Archive for November, 2007

Changes in behaviour
November 20, 2007

I’ve started noticing small children.

Angie always noticed children. She would look at them and intone about how adorable they were. It used to make me quite nervous because I wasn’t ready for the children then. I used to give her strained smiles and mechanical nods as she gushed maternally over babies and toddlers.
Now I’m also pointing them out as I find them in shopping centres and restaurants. Ours is going to have blue eyes like that one, or curly blonde hair like this one.

Furniture for children’s rooms is something else I’ve become aware of. I saw a beautiful bunk-bed arrangement that I could see myself buying (although it won’t be necessary for quite a few years — a crib is probably more important at this junction).
I’m noticing the kiddie toys too. When we were in Woolworths recently we spotted a little boy riding a rocking-horse. It was a furry rocking-horse, and probably originated from an East Asian sweatshop. Nevertheless as the boy rocked the horse it made neighing and clippity-cloppity sound-effects. Outstanding! I wanted one for myself, and soon I will have a legitimate reason to buy one. It is, admittedly, a little small for me to ride but I can experience it through my child.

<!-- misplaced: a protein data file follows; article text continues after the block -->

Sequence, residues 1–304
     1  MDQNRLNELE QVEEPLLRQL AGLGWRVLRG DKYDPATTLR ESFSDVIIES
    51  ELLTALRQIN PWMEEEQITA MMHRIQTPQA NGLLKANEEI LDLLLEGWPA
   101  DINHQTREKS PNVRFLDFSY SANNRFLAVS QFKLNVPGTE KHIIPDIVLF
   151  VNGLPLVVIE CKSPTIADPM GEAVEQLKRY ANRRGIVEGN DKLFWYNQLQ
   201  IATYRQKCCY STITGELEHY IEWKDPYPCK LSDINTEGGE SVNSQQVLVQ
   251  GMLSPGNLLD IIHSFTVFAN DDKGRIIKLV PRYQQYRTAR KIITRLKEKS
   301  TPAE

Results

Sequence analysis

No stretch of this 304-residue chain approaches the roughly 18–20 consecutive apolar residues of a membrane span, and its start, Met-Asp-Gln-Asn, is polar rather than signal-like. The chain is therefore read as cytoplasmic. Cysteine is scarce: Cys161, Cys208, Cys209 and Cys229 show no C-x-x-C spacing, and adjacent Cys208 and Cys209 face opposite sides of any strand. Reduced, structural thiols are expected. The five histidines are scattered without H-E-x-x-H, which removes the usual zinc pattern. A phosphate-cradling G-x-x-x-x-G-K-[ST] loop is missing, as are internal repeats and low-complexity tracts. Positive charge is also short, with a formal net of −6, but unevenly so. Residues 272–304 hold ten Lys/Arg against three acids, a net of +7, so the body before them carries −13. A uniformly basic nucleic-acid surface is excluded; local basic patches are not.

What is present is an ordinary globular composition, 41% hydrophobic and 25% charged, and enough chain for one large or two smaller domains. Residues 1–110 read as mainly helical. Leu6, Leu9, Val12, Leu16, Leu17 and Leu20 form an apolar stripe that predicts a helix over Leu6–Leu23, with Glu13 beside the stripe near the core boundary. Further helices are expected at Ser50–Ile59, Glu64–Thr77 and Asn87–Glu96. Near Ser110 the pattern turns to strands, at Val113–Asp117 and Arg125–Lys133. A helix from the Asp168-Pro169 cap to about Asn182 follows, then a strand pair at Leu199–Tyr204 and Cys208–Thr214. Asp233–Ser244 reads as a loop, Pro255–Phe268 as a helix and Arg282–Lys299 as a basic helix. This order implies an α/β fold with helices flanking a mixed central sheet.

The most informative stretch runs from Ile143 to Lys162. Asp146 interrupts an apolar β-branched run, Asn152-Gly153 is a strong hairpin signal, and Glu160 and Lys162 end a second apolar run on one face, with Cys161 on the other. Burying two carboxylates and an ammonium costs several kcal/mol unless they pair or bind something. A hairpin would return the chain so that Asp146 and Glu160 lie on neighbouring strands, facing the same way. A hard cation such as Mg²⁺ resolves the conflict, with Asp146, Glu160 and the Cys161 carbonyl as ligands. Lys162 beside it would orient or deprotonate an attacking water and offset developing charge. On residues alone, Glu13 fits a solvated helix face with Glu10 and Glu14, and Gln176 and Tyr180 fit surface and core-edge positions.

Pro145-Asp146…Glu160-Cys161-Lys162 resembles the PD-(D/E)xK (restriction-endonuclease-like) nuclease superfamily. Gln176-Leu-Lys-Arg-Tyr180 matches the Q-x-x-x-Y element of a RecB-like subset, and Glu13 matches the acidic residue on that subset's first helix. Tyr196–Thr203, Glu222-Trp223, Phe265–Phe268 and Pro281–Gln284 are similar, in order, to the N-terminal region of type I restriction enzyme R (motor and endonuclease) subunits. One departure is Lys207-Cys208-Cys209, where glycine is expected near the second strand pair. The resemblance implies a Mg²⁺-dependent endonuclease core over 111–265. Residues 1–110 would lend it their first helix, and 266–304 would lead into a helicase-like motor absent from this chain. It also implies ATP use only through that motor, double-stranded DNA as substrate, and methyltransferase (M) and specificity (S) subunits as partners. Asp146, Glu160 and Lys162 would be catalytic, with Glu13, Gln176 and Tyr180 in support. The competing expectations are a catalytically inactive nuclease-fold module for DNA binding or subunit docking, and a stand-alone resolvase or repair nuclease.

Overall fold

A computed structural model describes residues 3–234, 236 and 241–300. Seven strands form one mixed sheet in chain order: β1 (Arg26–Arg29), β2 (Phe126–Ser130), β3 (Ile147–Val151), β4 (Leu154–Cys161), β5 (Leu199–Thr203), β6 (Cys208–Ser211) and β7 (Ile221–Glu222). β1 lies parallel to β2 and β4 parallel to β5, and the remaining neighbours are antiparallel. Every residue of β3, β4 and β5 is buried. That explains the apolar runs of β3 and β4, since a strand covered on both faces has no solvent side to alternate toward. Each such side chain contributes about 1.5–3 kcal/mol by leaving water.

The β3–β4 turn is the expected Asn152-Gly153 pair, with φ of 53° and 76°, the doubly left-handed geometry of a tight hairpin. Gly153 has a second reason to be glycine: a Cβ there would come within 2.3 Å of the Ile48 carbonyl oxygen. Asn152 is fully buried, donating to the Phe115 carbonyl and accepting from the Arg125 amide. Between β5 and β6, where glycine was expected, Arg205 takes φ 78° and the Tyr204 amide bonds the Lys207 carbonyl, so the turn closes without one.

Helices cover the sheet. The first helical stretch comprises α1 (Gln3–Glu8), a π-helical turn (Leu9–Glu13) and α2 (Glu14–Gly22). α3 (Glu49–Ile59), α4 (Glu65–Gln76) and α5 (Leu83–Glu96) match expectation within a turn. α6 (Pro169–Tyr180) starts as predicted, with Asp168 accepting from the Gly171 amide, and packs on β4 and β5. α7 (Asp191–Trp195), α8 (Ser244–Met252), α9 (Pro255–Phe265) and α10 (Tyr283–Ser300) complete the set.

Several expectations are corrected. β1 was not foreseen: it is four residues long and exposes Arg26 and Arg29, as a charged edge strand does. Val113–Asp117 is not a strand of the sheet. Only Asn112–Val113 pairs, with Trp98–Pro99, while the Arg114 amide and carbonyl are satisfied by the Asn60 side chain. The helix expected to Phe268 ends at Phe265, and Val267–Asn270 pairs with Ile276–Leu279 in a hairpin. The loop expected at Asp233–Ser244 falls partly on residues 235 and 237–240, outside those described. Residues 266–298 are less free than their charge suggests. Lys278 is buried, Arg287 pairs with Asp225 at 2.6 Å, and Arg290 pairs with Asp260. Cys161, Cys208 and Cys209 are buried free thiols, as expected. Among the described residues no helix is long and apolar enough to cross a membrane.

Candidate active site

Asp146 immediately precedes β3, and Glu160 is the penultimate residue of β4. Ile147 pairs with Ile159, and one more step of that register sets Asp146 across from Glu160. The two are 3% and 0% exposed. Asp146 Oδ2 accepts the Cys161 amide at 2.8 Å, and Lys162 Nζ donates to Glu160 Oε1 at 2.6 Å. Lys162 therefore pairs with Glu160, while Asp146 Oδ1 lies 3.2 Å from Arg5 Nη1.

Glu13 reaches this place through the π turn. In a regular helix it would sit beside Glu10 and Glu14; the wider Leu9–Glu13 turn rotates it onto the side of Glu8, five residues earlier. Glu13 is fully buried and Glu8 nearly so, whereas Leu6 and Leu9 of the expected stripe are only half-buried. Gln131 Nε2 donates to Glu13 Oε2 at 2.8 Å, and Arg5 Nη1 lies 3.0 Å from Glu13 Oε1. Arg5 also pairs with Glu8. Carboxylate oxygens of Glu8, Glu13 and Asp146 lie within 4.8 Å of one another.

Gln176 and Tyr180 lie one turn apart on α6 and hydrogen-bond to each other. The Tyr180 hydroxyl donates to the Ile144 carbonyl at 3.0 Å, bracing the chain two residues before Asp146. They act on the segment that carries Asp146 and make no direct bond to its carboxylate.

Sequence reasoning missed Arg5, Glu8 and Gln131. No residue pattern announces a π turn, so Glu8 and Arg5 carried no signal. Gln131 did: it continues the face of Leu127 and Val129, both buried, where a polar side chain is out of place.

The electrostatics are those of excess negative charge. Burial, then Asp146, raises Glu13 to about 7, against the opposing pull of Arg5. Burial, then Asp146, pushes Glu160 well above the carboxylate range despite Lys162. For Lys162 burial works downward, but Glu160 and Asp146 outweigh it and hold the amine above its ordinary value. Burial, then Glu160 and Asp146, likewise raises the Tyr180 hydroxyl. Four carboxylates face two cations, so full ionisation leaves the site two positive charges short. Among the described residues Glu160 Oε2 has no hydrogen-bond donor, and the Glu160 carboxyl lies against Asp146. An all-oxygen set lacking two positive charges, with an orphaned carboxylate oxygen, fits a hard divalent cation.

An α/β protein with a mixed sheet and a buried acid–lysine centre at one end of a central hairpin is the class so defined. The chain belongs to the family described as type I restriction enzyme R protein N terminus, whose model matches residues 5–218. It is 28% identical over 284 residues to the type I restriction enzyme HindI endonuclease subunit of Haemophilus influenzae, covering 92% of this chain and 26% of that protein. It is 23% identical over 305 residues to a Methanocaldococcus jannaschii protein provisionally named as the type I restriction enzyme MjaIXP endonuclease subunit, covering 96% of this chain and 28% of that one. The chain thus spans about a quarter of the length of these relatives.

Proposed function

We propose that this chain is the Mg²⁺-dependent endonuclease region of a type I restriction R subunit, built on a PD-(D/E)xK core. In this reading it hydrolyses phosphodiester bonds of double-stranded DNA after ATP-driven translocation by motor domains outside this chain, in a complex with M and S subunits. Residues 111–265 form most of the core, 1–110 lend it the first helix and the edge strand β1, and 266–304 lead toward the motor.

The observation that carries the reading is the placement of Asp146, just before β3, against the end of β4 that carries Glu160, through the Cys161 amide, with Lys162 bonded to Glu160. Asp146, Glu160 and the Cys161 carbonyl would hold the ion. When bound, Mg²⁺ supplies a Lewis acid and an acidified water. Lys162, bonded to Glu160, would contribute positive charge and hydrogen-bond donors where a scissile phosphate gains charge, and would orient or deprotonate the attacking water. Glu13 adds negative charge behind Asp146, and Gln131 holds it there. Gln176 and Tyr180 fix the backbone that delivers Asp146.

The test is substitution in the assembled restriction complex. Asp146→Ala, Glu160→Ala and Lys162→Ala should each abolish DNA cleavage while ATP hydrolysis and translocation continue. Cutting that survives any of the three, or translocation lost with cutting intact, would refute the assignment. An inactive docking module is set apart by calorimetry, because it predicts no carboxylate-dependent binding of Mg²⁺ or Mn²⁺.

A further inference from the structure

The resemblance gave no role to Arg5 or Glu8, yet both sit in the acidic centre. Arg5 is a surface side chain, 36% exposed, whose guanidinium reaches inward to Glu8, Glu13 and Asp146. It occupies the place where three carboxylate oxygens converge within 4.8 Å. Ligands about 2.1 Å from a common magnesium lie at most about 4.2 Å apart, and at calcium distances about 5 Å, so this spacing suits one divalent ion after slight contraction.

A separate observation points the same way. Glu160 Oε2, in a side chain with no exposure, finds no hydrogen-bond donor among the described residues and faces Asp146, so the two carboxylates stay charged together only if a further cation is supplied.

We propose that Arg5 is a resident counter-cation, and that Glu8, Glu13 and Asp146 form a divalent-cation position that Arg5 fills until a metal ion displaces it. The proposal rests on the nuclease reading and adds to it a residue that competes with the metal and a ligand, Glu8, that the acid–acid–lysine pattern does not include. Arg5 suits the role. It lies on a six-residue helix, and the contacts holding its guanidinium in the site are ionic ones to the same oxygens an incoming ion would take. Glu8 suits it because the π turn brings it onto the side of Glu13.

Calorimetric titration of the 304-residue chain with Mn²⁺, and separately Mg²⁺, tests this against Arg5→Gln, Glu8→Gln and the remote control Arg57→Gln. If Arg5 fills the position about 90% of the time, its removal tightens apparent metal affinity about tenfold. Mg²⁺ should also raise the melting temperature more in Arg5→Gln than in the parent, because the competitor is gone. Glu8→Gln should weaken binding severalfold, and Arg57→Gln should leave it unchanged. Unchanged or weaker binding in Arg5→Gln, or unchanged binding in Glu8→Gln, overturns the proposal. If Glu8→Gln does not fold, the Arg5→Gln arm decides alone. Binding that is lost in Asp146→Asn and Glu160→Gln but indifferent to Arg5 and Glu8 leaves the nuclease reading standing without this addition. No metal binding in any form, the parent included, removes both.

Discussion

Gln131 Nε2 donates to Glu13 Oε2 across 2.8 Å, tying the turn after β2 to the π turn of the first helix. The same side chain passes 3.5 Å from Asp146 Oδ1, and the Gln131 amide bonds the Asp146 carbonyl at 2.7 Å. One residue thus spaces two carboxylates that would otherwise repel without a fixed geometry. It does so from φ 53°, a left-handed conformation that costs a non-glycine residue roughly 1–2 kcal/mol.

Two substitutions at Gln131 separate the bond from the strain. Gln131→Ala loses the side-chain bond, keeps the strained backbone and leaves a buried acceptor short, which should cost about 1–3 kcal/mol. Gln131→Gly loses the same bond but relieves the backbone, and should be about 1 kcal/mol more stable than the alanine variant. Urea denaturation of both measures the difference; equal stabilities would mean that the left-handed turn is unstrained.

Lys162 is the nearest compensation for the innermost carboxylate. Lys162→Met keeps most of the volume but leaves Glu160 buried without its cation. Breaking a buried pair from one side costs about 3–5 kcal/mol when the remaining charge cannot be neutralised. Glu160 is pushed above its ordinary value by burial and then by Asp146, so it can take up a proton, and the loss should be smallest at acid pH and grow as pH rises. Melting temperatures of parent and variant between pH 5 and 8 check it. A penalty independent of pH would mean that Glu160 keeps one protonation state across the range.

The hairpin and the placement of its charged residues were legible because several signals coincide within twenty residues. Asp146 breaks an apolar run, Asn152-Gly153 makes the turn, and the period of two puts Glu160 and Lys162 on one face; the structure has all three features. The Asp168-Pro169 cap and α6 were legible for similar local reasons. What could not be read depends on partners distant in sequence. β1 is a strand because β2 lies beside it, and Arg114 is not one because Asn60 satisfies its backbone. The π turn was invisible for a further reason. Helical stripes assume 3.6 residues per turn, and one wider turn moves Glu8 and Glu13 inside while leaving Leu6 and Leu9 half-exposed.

Suddenly this gives me some insight into where obsessive parents come from. You know the ones I mean. The ones who are always on the sidelines, cheering their child on far more than necessary, and crapping the kid out when she makes a mistake.
I can see now how that trap could be sprung. Living life through your child is liberating when she is little, because you are reminded to appreciate the simple things. Vigilance is required to stop doing that as the child grows older. The parent cannot become the tennis star or the doctor they wanted to be by forcing their child into that role.

Other amazing changes¬† include Angie cutting down on wine — practically eliminating the consumption of the substance.
It’s obvious that an expecting mother would drink little or no alcohol, but if you know Angie you know how much she enjoys wine. I was expecting more problems, more emotional issues, and more fighting around this subject. I was pleasantly surprised. This bodes well for the future and savings on our monthly booze expenditure which will, I suppose, be channelled into nappy expenditure.

I was even more surprised when Angie didn’t go into crazy insane behaviour after cutting out Topamax (which she needs to take to stabilise her moods, but cannot take while pregnant). She just seemed non-stop happy. A continuum of pregnant joy. I was under the impression that pregnant women were unpredictable and moody. It seemed like I had been misinformed.
I now believe the information I was originally given was correct. Just over a week ago the irrational and uncontrolled sobbing ensued. Angie phoned her mother, crying all the time, demanding to know why being pregnant was so difficult and mostly unpleasant.
Since then my pregnant wife has been a little less predictable, but still not as unpredictable as I had been expecting.
May my expectations continue to not be met.


Gynaecologists have nothing to do with men
November 7, 2007